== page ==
This guest blog, written by Sarah Coombes, Continence Nurse Specialist for the University of Leicester talks about an innovative approach to improving bladder health by promoting decaffeinated drinks.

Last year as part of Continence Awareness Week, University Hospitals of Leicester NHS Trust’s (UHL) Adult Continence Team launched their ‘Taste the Difference Challenge’. The team worked collaboratively with ward staff and housekeepers in Leicester’s Hospitals, to promote and offer decaffeinated tea and coffee to inpatients across the Trust.  Educating staff and patients about the benefits of switching to decaffeinated tea and coffee for a healthy bladder was one of the campaign’s aims, and gathering patient feedback such as could patients taste the ‘decaf difference’ and whether they would make the switch to decaf once they knew the health benefits.

Why is switching to decaffeinated tea and coffee a good idea?

Apart from reducing overactive bladder symptoms such as urinary urgency, there are other health benefits including reduction in sleep disturbance and insomnia, reduction in tachycardia and palpitations and helping to prevent dehydration and headaches as well as reducing indigestion and lowering risk of osteoporosis as caffeine prevents absorption of calcium (NHS, 2021).

The UHL Continence Team launched the ‘Taste the Difference Challenge’ following a pilot project on an acute hospital ward, which was experiencing inpatient falls related to toileting. In UHL, falls associated with toileting equate to 1:4 (between 2020-2021) and research suggests a high correlation between falls and lower urinary tract symptoms in hospital (Roggeman et al. 2020).

What did the project involve?

The pilot considered thinking holistically about falls related to toileting and continence. After observations of care and talking to staff, it was identified that decaffeinated drinks were not routinely offered during ‘drinks rounds’.  Staff did not know the benefits of switching to decaffeinated tea and coffee, such as reducing urinary urgency and could potentially reduce a person’s risk of falls.

We asked housekeepers to proactively offer patients decaffeinated tea and coffee, and patient feedback indicated that most patients could not taste the difference. A resource pack was also developed for the ward which included coasters, posters and patient information leaflet to explain the benefits and promote decaffeinated tea and coffee.

What was found during the challenge?

During the challenge, the team collated nearly 700 pieces of patient feedback which included over 50% of patients saying they could not ‘taste the difference’ and over 76% patients reporting they would switch to decaffeinated once they knew the health benefits. A recommendation was made to the Trust’s Chief Nurse and Executive Board to consider making decaffeinated tea/coffee served as default with caffeinated tea and coffee remaining as an alternative option for patients. The Trust’s leadership team made a decision to support this initiative and we are in the process of rolling it out across our hospitals. Importantly, this means whilst we are promoting the health benefits of decaffeinated hot drinks as standard, the choice for our patients to choose caffeinated drinks will still be there.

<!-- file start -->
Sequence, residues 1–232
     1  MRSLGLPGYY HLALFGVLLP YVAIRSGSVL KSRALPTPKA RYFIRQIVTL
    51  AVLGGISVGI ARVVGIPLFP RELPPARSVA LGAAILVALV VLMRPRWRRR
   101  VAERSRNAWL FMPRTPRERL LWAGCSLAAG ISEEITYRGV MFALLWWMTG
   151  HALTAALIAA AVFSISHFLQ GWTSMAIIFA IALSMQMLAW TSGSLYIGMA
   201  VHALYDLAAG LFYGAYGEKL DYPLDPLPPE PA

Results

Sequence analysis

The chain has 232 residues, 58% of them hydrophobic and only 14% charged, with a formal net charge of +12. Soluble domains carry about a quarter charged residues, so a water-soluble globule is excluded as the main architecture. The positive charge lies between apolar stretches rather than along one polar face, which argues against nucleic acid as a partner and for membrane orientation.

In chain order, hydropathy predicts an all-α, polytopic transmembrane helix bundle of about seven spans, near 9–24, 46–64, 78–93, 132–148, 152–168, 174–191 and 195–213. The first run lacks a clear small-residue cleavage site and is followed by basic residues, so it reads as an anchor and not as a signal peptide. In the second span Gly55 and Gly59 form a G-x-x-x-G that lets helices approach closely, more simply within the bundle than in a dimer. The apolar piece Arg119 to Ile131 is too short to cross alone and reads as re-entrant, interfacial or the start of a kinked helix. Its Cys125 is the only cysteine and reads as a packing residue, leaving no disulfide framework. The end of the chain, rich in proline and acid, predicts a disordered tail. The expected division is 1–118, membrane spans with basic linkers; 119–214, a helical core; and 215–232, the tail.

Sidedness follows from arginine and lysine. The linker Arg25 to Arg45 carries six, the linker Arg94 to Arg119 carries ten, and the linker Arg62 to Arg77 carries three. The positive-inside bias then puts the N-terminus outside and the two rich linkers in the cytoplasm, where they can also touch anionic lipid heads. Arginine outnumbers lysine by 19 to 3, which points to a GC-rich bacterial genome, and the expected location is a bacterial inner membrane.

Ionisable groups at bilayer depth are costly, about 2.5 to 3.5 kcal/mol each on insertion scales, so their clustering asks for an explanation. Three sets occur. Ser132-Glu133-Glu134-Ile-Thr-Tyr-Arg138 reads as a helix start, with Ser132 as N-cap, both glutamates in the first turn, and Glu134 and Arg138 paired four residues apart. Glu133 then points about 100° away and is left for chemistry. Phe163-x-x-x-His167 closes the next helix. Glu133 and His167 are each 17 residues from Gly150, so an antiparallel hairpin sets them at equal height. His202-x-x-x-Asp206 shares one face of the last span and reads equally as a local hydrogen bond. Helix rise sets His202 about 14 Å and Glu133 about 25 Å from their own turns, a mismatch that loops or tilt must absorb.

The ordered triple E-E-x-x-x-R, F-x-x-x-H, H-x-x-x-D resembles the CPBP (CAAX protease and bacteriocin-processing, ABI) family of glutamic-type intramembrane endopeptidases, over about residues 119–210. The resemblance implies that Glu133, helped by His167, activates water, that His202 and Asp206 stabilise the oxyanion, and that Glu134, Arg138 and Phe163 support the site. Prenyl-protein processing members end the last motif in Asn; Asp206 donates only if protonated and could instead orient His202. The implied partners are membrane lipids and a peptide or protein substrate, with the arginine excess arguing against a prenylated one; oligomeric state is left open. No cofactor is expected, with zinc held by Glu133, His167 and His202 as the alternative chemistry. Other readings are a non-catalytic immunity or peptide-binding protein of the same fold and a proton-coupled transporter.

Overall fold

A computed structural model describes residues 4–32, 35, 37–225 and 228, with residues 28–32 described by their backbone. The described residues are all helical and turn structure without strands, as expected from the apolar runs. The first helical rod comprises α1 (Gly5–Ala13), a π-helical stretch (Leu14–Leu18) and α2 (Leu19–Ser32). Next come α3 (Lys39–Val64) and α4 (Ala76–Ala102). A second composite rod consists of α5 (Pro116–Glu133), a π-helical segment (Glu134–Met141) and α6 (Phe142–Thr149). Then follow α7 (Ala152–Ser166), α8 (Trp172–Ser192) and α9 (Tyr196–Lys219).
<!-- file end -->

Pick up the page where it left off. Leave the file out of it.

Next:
The impact of the ‘Taste the Difference Challenge’, and roll-out of decaffeinated tea and coffee across the three hospitals will be measured through further patient feedback, and analysis of falls Datix incident reports, as to whether inpatient falls have reduced associated with toileting.

What’s next for the challenge?

The ‘Taste the Difference Challenge’ has since been trialled in another community hospital trust, and following their own ‘Taste the Difference Challenge’ in Memory Cafés for people living with Dementia, Age UK in Leicestershire now serve decaffeinated tea and coffee in their Memory Cafés.

The ‘Taste the Difference Challenge’ is a really simple, and fun way to promote decaffeinated tea and coffee, and can be transferred to any hospital, community group or residential care home setting. The potential benefits of switching to decaffeinated products in any environment could be significant and include improving a person’s health and potentially reducing falls, as well as improving patient dignity through lower continence pad usage. As part of the UHL Continence Team, I hope to share these benefits with other organisations or groups who might be interested and want to trial their own ‘challenge’ too.

If you are interested in delivering your own ‘Taste the Difference Challenge’, then Sarah Coombes, Continence Nurse Specialist at UHL, would love to hear from you.  Email:, for further information and a resource pack to get you started.

For more information and resources for professionals working with bladder and bowel issues, visit our professionals’ section here. 


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